It is a more convictive way to compare CPU time of two linear solvers in same program; the conjugate gradient algorithm is been implanted by the C++ code and merged into the hot floorplan [15]; and the conjugate gradient algorithm compares with the hot floorplan default LU decomposition solver. The two linear solvers of program are switched by the command line parameter, so the program run environment, such as CPU, memory, GCC version, and compile option, is the same.

Table 1 shows that the conjugate gradient solver without precondition (CG normal in the table) run time is approximate; in the LU decomposition solver on MCNC case, the run time unit is second; the conjugate gradient without precondition solver run time is about speed up averagely 1.49 compared with the LU decomposition solver; the LU decomposition solver once average time is 0.00387 second (3.87E − 03 in the table); and the conjugate gradient solver without precondition solver once average time is 0.00191 second (1.91E − 03 in the table).

Table 1: The conjugate gradient solver without precondition.

Table 2 shows that the conjugate gradient solver with Jacobi precondition run time is quicker than the LU decomposition solver, and the conjugate gradient solver with Jacobi precondition run time speeds up averagely 4.32x comparing with the LU decomposition solver. The conjugate gradient solver with the Jacobi precondition solver once had an average time of 0.000567 second (5.67E − 04 in table).

Table 2: The conjugate gradient solver with the Jacobi precondition.

Table 3 shows that the conjugate gradient solver with SSOR precondition run time is less better than the conjugate gradient solver with the Jacobi Precondition; the conjugate gradient solver with SSOR precondition run time speeds up averagely 5.18x with the LU decomposition solver; the conjugate gradient solver with the SSOR precondition solver once had an average time of 0.000473 second (4.73E − 04 in table). It is 11x for test case ami49. The profit of conjugate gradient solver with SSOR precondition gains the best result ratio comparing with the LU decomposition solver.

Table 3: The conjugate gradient solver with SSOR precondition.

Figure 1 shows the conjugate gradient solver run time versus the LU decomposition solver on the MCNC benchmark. The figure name rule: the CG is the conjugate gradient solver without precondition; the Jacobi is the conjugate gradient solver with Jacobi precondition; the SSOR is the conjugate gradient solver with SSOR precondition. The conjugate gradient solver without precondition run time is more than the LU decomposition solver on two small cases, and less than on large cases; the conjugate gradient solver with Jacobi and SSOR precondition experimental results are less than the LU decomposition solver results. The precondition is important for the iterative conjugate gradient solver.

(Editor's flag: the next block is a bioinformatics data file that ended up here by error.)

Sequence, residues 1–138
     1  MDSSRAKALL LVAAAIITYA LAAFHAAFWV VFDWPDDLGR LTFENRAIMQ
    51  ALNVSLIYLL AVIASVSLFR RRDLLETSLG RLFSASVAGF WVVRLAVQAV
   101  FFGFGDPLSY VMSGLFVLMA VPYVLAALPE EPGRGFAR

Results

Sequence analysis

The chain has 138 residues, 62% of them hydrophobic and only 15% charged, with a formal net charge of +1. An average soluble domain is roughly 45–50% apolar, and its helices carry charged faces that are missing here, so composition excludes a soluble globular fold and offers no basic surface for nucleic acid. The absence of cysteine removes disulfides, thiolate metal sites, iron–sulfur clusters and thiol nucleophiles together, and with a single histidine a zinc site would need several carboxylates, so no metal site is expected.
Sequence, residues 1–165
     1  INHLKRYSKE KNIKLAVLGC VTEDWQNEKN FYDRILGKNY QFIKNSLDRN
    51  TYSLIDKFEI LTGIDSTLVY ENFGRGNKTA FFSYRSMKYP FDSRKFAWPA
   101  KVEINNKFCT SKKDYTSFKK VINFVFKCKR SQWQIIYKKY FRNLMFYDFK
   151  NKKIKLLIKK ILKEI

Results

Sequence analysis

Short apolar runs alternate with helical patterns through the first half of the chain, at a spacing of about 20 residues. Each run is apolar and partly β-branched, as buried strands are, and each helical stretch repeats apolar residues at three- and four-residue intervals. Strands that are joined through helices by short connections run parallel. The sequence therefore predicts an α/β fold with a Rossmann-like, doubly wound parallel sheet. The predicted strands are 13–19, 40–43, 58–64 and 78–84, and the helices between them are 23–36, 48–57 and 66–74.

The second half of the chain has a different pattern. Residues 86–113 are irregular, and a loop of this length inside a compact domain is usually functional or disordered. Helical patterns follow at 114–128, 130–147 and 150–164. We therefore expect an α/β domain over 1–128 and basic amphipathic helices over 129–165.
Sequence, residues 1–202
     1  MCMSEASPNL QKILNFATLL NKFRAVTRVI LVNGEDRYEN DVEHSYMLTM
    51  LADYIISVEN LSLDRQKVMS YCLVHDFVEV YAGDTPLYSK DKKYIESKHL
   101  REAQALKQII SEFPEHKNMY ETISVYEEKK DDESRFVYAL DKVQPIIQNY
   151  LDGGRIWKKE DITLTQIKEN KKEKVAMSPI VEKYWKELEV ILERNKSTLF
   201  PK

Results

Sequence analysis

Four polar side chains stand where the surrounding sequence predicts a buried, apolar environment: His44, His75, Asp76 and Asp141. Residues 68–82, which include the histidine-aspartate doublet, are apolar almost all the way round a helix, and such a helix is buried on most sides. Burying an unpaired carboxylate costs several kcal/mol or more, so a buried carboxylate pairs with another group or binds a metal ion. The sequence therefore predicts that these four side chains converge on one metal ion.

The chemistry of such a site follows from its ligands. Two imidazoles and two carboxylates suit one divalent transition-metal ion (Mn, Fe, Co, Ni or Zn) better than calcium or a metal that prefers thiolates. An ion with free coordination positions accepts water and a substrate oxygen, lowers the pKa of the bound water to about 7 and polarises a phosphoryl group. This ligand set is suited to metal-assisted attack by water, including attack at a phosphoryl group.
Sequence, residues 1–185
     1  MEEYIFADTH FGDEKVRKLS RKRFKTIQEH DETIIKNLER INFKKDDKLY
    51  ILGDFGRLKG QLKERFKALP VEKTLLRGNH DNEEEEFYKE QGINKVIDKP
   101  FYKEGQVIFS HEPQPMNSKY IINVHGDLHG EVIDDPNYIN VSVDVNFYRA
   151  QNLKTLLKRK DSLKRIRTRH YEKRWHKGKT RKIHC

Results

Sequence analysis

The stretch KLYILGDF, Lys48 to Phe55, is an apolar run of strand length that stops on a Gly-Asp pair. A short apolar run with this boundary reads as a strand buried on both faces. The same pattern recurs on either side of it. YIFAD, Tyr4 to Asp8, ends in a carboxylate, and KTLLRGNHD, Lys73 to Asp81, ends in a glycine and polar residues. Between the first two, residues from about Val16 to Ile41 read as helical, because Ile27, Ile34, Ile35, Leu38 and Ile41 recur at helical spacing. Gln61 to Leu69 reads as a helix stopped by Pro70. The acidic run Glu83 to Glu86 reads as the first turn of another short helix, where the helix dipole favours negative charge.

Figure 1: Run time comparing with different block numbers.

Figure 2 shows the conjugate gradient solver run time ratio versus the LU decomposition solver on the MCNC benchmark. Naming rules are consistent with Figure 1. The experimental ratio curve shows that our iterative conjugate gradient solver accelerated more with increasing number of modules.

Figure 2: Ratio of run time comparing with different block numbers.

We also received the reviewer proposal to adapt to the larger GSRC benchmark of examples to test the scalability of our algorithm. However, we need to emphasize that HotSpot floorplan is designed for the CPU small quantity module floorplan, which is not suitable for running the large collection of placement instances, so the running time is relatively long. Table 4 shows that the conjugate gradient solver with SSOR precondition run time is better than the LU decomposition solver, the conjugate gradient solver with SSOR precondition run time speeds up averagely 17x with the LU decomposition solver, the conjugate gradient solver with SSOR precondition is 24x for test case n300. The profit of the conjugate gradient solver with SSOR precondition gains the best result ratio comparing with the LU decomposition solver.

Table 4: The conjugate gradient solver with SSOR precondition run time on the GSRC benchmark.

6. Conclusions and Future Work

The conjugate gradient solver is often been used in large sparse matrix method computation, and the HotSpot thermal floorplan could be speeded up by using the sparse matrix iterative linear solver.

The experiments show that the iterative conjugate gradient solver is faster than the direct LU decomposition solver on the MCNC benchmark.

The relative sparse matrix theory could be applied to other iterative framework algorithms, and the relative sparse matrix could be extensible. The future works may be the following:(i)Extend to other precondition methods of an iterative linear solver, and we could use other preconditions.(ii)Explore sparse linear system theory to speed up our program because there are many theoretical innovations to solve linear system in the last two decades.

Conflicts of Interest

The authors declare that they have no conflicts of interest.

Acknowledgments

Special thank are due to Michigan Technological University Professor Zhuo Feng for the technical discussion with great significance. This paper was supported by “the Fundamental Research Funds for the Central Universities.”